The power of artificial intelligence seems endless. In a professional environment and our personal lives, it seems like AI is pretty much everywhere. The same is going for the art industry. Artificial intelligence can craft photos, write sentences, and create videos. Now, using AI software, a camera writes poetry based on a picture it takes.

Pictures to Poetry

Artists use nature as inspiration all the time, whether it’s writing, painting, or drawing. It’s not an uncommon collaboration. But, when the photo you take is transformed into lines of poetry, that is something we have never seen before. That is why Kelin Carolyn Zhang and Ryan Mather are combining AI technology with artistic vision with their all-new Poetry Camera.

Poetry Camera
The Poetry Camera that prints poems based on visuals; Photo: Poetry Camera

At first glance, the device looks like an ordinary Polaroid camera. But, its capabilities separate it from the norm. Instead of capturing an image, this device generates a poem based on the surroundings it’s focused on. Zhang and Mather have a passion for technology and art. They wanted to combine their worlds into one device—the Poetry Camera.

After experimenting with several AI models in the early stages, Mather combined that with his idea of building a camera. He said, “What if you took a camera, but it was a reaction to Instagram culture? What if text comes out instead of a photo? Everyone prefers the book version over the movie, so it’s like that for capturing moments.”

When the duo improved their prototype, they shared it with friends and family. The reactions were nothing short of astonished according to Tech Crunch. This snowballed into more and more interest from the public. Eventually, the two started making more improvements to the Poetry Camera. What was once a project, turned into consideration for a commercial product.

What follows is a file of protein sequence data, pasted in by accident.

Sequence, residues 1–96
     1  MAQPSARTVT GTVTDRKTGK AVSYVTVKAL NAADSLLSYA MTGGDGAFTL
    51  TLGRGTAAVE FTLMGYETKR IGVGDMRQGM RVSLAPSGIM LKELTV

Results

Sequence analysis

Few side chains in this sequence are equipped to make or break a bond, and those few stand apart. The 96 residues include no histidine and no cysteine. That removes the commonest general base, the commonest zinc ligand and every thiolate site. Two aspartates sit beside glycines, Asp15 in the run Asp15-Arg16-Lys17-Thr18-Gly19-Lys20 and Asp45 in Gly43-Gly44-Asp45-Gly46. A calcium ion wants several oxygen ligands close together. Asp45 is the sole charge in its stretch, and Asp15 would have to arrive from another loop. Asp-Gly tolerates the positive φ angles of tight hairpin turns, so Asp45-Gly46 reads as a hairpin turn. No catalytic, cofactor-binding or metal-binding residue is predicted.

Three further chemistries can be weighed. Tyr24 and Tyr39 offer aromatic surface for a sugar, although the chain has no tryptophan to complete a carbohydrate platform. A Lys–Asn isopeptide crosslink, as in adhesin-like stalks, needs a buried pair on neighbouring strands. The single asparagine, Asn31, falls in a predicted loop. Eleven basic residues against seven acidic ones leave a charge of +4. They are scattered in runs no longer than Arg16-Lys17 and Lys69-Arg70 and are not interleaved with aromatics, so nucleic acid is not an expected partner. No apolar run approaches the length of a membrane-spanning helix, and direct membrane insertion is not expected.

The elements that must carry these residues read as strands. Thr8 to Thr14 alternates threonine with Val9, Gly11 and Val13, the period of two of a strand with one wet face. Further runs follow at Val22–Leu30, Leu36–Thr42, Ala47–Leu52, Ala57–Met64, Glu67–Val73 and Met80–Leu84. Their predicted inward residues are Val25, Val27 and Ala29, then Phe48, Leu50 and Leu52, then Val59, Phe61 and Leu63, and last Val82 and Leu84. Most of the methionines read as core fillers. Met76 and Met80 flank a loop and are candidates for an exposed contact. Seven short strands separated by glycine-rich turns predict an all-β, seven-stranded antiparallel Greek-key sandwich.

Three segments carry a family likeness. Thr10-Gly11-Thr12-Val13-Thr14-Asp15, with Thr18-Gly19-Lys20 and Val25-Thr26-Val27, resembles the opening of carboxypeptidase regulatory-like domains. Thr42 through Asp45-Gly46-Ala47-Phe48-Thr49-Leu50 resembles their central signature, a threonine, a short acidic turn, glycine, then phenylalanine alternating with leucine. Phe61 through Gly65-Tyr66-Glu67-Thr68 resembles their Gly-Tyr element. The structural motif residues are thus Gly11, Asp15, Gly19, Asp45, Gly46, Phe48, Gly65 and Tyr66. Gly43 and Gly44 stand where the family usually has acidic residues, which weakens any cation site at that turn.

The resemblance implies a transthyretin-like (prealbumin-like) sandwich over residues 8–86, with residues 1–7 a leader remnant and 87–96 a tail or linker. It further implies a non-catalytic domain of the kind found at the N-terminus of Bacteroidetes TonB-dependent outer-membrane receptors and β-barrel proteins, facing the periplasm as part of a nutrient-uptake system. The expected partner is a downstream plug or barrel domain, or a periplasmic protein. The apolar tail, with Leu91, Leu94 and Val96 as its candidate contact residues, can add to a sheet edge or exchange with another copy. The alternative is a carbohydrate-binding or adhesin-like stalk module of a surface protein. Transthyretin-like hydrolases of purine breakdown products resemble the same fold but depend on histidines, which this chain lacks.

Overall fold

Power of AI

Poetry Camera poem
An example of a poem printed from the camera; Photo: Poetry Camera

The heartbeat of the revolutionary, poetry-generating camera is a credit card-sized computer board that has powerful abilities. The Raspberry Pi acts as the camera’s brain to capture images and communicate with the device’s OpenAI’s GPT-4 to generate poetry.

While a Raspberry Pi captures the image and analyzes the visual data, the AI software interprets the image to identify key elements, color, emotion, and patterns within the frame. It’s similar to what an artist looks for when painting or what a photographer looks for in their pictures. All of this information the AI model gathers serves as a foundation for the poetry it develops.

Poetry Camera isn’t limited either. Because it is open-sourced, users can select different styles of poetry like haiku, sonnet or free verse. Zhang and Mather’s goal is to encourage engaging dialogue between people based on the words printed from their surroundings. They want to harness a meaningful collaboration between technology and the arts. It also acts as an escape from a technology-dominated world while still using technology. Not everyone is a poet or enjoys poetry but this device brings those people together in an engaging way.

The Future

When the duo came up with the camera, they didn’t expect to receive the response that they got. As it gained more traction, it became the buzz on the internet. But, Zhang and Mather are carefully deciding what their next move will be. Zhang told Tech Crunch, “After the first 100 times people asked, we said, ‘We’re not selling it,’ but after 101 questions, we started thinking about it in more detail, wondering if we should be making it available to people.” While considering a commercial release, Zhang is thinking about the camera’s roots. She said, “But at the same time, it’s an art project, you know? Our initial response was to leave capitalism out of it.”

They want to keep the camera as authentic as possible. The two don’t want to oversaturate the market or put out a product that doesn’t fulfill its potential. Instead of rushing into mass production, they are taking a measured approach. The two are considering limited releases to ensure quality over quantity.

Zhang said, “For this project, it’s not about making money, it’s about making that childish wonder possible again.”